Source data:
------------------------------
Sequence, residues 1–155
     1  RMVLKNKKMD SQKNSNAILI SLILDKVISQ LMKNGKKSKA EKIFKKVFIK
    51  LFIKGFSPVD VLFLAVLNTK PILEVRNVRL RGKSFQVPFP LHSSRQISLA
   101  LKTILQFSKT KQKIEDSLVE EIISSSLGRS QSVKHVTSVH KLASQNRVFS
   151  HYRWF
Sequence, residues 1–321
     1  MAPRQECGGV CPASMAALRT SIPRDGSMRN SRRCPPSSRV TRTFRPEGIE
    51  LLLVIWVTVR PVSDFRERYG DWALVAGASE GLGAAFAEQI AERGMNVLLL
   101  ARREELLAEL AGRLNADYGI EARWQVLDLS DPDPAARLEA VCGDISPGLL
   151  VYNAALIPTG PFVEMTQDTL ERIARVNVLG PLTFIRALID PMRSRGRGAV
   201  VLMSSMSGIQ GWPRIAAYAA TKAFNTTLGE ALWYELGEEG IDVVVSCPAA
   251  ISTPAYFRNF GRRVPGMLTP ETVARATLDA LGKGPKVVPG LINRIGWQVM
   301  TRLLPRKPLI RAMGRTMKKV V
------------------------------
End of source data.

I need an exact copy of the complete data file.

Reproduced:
Sequence, residues 1–155
     1  RMVLKNKKMD SQKNSNAILI SLILDKVISQ LMKNGKKSKA EKIFKKVFIK
    51  LFIKGFSPVD VLFLAVLNTK PILEVRNVRL RGKSFQVPFP LHSSRQISLA
   101  LKTILQFSKT KQKIEDSLVE EIISSSLGRS QSVKHVTSVH KLASQNRVFS
   151  HYRWF
Sequence, residues 1–321
     1  MAPRQECGGV CPASMAALRT SIPRDGSMRN SRRCPPSSRV TRTFRPEGIE
    51  LLLVIWVTVR PVSDFRERYG DWALVAGASE GLGAAFAEQI AERGMNVLLL
   101  ARREELLAEL AGRLNADYGI EARWQVLDLS DPDPAARLEA VCGDISPGLL
   151  VYNAALIPTG PFVEMTQDTL ERIARVNVLG PLTFIRALID PMRSRGRGAV
   201  VLMSSMSGIQ GWPRIAAYAA TKAFNTTLGE ALWYELGEEG IDVVVSCPAA
   251  ISTPAYFRNF GRRVPGMLTP ETVARATLDA LGKGPKVVPG LINRIGWQVM
   301  TRLLPRKPLI RAMGRTMKKV V